- Instead of option pricing, it may instead be based on underlying price fluctuations.
The crucial thing is that the stop loss level should not be set too low (to prevent frequent triggers) or too high (to avoid frequent triggers) (making it unachievable).
Partial Profit Booking at Targets
Experienced traders sometimes use a strategy of booking partial gains whenever a defined objective is met, such as closing out a 30% or 50% position if the first set target ($100) is met. It provides two advantages for option trading:
- Partial profit booking protects the trading capital to a large degree, limiting capital losses in the event of a quick price reversal, which is common in options trading. When the predetermined objective of $100 is attained, the trader may sell five contracts (50%) in the preceding example. It permits him to keep $500 of the original money of $800, which he used to purchase 10 contracts at $80 each.
- A rest open position enables the trader to profit from future profits. A goal hit of $120 results in a payment of $600 ($120 * 5 contracts), for a total of $1,100. Another option is to sell 50% or 60% of the remaining stock, leaving potential for more profit at the next level. If three contracts are closed for $120 ($360 receipt) and the remaining two for $150 ($300 receipt), the total selling value is $1,160 ($500 + $360 + $300).
Partial Profit Booking for Buyers
Similarly to the preceding example, traders book partial gains at regular time periods depending on the remaining time to expiration if the position is profitable. Options are deteriorating assets. Time decay value accounts for a significant component of an option premium (with intrinsic value accounting for the rest).Most experienced option purchasers keep a close watch on the decaying time value and square off positions as the option approaches expiration to minimize additional loss of time decay value while the position is profitable.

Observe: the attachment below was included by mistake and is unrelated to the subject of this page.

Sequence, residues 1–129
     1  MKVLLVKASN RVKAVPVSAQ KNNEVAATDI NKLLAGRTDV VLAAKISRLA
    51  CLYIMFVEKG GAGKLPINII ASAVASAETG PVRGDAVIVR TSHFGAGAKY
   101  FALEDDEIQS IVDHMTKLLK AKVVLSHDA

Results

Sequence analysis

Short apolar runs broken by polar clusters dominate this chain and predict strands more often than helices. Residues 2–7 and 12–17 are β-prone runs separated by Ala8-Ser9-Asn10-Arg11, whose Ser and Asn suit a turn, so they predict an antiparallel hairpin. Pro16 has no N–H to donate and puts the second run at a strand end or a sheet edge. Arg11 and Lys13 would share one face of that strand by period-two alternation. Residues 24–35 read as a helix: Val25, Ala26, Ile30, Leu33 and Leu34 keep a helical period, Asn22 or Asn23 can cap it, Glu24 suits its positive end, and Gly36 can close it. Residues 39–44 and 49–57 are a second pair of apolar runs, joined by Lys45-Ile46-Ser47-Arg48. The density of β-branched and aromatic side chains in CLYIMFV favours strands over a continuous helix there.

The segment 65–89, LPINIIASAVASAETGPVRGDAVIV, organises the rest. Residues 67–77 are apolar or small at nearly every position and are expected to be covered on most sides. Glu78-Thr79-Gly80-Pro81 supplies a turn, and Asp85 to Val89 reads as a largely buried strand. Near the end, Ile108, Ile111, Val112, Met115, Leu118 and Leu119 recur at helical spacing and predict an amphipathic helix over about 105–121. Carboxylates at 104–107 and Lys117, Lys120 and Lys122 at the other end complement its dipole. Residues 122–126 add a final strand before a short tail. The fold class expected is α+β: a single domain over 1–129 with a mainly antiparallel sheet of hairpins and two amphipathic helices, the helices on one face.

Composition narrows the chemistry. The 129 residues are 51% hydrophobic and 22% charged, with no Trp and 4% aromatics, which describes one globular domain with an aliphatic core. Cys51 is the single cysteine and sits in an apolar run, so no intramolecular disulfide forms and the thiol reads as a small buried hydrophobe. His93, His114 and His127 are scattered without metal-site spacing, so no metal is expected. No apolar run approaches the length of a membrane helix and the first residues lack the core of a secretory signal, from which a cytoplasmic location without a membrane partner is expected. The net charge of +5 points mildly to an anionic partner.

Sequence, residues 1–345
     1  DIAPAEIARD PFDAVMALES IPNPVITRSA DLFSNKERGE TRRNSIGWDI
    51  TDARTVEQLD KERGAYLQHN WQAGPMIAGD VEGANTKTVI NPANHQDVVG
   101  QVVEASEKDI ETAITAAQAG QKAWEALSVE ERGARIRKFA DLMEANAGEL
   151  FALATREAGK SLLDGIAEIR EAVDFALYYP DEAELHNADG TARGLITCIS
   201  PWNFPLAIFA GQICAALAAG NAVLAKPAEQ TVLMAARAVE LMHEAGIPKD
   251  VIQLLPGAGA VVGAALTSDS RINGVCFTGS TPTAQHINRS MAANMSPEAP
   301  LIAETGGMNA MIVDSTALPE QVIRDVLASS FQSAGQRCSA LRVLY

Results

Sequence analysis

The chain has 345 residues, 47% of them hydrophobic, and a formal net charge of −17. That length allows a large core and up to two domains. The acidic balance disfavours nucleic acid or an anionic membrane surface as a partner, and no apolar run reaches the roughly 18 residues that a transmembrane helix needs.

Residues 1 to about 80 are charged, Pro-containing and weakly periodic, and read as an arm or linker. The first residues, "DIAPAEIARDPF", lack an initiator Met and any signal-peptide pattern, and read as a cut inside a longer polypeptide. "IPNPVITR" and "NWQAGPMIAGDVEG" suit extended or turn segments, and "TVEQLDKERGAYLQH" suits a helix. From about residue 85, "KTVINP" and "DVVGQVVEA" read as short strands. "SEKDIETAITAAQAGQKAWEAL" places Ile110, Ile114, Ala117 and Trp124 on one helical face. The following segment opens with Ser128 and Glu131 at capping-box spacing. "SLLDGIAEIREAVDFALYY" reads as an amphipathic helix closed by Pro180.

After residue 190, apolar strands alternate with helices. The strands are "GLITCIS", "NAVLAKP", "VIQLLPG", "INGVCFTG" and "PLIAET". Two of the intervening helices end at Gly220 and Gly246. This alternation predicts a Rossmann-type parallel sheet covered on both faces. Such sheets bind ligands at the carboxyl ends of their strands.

Buyers of options should be wary of time decay effects and close holdings as a stop-loss strategy if they reach the last month of expiration with no information on a significant change in values. Even if the underlying price advances significantly, time decay may destroy a significant amount of money.
Profit Booking Timing for Sellers
The time decay of options erodes their value over time, with the final month to expiration experiencing the highest rate of erosion.
Because of the high time decay value, option sellers profit from larger premiums in the start. However, it comes at the expense of option purchasers who pay a hefty premium at the outset and continue to lose money while holding the position. The profit potential for short call or short put dealers is minimal (capped to the premium received).Because margin money is at risk for option sellers, having pre-determined profit thresholds (traders’ set levels such as 30%/50%/70%) is vital for taking profits. With the escalating demands for extra margin money in the event of reversals, the restricted profit potential might swiftly transform into a limitless loss.